Benefits and Drawbacks of Buying a Home in a Transitional Neighborhood

By: , Contributor

Published on: Dec 27, 2019

Should you choose a neighborhood that's up and coming? Here's what you need to consider in your decision.

If you're looking to buy a home, whether to live in yourself or as an investment, you may be tempted to look at the most highly rated neighborhoods in your neck of the woods -- areas with solid amenities like parks, transportation, and shopping, coupled with great schools. But before you commit to buying a home in the priciest neighborhood you can afford, it could pay to explore your options for buying a home in a transitional neighborhood -- one that's not too established but is clearly up and coming. Here are a few benefits -- and drawbacks -- of going that route.

Pros of buying in a transitional neighborhood

The primary perk of buying in a transitional neighborhood? You'll pay less for a home than you would for a comparable one in a more desirable area. That could benefit you if you're looking to live in that home yourself but are on a tight homebuying budget, or if you're looking to buy a home as an investment property, rent it out for a few years, and then sell it once its value climbs.

When you pay less for a home because you're settling for a transitional neighborhood, you get more wiggle room in your budget to spend your money on renovations. As such, you might really end up with your dream home. And if you wind up selling that home after it's been updated, you might really turn a solid profit once your neighborhood evolves from transitional to desirable.

Finally, the beauty of buying in a transitional neighborhood is the opportunity to be pleasantly surprised at how nicely it evolves. Vacant storefronts the month you buy could, a year later, be themed cafes or farm-to-table restaurants. Having those amenities so close by may not be within your reach in a more expensive neighborhood.

Cons of buying in a transitional neighborhood

While buying a home in a transitional neighborhood could result in serious savings on its purchase price, the flip side is that it may be harder to predict whether your home will increase in value over time or decrease, as much of that will hinge on how the neighborhood itself changes with time. That's a risk you may not want to take, whether you're buying that home to live in or are planning to use it as an investment. And also, you’ll need to pay attention to crime rates; AreaVibes.com is a good resource for that.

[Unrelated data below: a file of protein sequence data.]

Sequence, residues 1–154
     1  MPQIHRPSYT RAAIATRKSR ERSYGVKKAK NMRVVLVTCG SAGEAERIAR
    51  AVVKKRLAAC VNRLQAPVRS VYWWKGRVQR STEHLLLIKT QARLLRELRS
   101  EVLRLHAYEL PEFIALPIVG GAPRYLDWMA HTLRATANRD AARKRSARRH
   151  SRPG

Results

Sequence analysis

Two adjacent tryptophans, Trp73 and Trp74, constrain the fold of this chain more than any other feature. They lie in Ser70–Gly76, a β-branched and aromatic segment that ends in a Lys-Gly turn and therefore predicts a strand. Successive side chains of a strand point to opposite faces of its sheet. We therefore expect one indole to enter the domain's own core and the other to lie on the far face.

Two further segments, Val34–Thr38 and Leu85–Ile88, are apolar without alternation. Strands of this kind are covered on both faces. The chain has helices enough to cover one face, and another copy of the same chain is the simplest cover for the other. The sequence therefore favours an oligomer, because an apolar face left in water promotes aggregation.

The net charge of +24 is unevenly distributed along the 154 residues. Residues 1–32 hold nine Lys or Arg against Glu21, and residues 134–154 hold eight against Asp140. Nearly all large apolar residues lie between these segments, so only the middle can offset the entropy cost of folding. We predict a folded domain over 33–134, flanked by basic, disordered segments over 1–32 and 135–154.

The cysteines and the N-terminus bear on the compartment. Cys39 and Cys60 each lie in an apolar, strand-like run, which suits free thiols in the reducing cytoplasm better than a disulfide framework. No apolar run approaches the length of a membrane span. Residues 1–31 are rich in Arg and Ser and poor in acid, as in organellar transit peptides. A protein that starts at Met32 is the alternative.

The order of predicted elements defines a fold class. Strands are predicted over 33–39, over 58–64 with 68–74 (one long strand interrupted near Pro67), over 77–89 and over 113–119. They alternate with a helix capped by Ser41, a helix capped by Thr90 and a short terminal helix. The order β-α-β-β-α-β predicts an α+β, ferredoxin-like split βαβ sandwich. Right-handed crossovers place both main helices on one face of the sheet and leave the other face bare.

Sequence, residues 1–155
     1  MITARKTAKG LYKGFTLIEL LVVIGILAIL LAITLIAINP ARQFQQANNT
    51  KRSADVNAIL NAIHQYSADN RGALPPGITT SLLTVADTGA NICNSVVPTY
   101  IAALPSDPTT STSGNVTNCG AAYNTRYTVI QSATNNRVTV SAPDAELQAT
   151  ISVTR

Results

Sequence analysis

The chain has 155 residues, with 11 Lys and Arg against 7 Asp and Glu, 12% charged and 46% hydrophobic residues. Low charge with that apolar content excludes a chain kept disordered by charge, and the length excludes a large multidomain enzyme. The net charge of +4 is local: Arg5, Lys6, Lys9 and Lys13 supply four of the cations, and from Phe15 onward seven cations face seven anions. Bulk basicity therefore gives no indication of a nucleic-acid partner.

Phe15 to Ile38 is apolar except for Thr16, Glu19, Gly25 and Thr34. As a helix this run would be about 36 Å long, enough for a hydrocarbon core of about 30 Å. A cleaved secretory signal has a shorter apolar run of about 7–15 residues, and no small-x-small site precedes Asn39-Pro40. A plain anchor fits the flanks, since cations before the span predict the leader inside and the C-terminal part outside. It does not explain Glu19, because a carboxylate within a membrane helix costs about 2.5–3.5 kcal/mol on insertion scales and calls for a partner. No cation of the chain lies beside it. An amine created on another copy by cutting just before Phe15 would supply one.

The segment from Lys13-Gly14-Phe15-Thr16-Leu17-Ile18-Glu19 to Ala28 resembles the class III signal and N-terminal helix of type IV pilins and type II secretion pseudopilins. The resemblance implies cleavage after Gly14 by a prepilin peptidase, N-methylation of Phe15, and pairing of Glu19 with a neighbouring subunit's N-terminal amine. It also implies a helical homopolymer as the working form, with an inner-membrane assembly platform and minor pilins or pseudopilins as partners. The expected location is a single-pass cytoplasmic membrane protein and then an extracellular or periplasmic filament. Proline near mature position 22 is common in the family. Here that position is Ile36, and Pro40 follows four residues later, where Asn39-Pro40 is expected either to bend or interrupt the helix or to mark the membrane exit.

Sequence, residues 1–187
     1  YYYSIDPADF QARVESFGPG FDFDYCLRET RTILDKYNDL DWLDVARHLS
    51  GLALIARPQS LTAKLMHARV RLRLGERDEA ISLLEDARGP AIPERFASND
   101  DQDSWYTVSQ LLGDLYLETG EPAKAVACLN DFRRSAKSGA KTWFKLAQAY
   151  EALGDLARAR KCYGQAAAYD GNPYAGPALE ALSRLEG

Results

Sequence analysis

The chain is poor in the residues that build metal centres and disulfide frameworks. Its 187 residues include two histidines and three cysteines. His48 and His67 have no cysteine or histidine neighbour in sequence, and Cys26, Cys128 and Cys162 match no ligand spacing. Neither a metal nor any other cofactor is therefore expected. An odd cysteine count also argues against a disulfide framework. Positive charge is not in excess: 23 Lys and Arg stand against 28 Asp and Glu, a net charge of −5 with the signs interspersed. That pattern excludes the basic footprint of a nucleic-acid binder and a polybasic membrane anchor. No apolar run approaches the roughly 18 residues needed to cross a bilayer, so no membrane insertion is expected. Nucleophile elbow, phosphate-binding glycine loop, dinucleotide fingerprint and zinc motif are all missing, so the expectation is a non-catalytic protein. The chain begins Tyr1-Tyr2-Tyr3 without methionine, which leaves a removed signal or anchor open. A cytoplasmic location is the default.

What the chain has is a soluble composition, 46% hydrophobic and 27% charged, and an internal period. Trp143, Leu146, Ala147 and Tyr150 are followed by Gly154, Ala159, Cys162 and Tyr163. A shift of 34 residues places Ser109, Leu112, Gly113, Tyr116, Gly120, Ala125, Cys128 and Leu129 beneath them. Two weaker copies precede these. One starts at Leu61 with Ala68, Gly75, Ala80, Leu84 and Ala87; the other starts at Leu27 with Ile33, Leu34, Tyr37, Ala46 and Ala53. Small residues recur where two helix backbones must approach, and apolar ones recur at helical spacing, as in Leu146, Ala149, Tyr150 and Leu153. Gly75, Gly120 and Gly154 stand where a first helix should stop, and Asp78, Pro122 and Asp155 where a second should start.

Furthermore, if you are going the investment property route, you may find that attracting tenants is difficult if the neighborhood is at all questionable. That could, in turn, put you in a tough financial position (though it's worth noting that if you pay less for your home, you'll have the option to charge less rent, which could help ensure a steady flow of cash from tenants).

Also, if you're planning to live in the home you buy, and the neighborhood is iffy, you could wind up unhappy with your choice if you have children whose schooling is negatively impacted. Though it's certainly possible to get a good education in a transitional neighborhood, you must entertain the possibility that the schools may not be quite as well funded as you'd like. As such, you may need to factor the cost of private education into your budget, which could negate much of the savings you reap by paying less for your home in the first place. To know what sort of education experience you’ll have in store, do some research. Sites like SchoolDigger.com and Niche.com let you access school data and rankings by zip code.

Finally, if the neighborhood in question hasn’t yet been built up, you may find that you’re lacking basic amenities like grocery stores and pharmacies. Driving a longer distance to access them could prove to be a hassle, and can also add to your non-housing costs.

What's the right move for you?

Owning a home in a transitional neighborhood isn't for everyone. If you're up for it, make sure to thoroughly research that locale before committing. Specifically:

  • See how long storefronts have been vacant
  • See how construction projects are progressing
  • Talk to real estate agents who know the area and can offer insight on how it is evolving

If the neighborhood you’re looking at is in the early stages of transitioning, it could take some time for your home value to increase. But if you get in at just the right time, you might manage to score a great deal on a home before the real estate market starts booming, at which point you'll have the option to live in that home and enjoy your neighborhood or sell and walk away with a very respectable profit.

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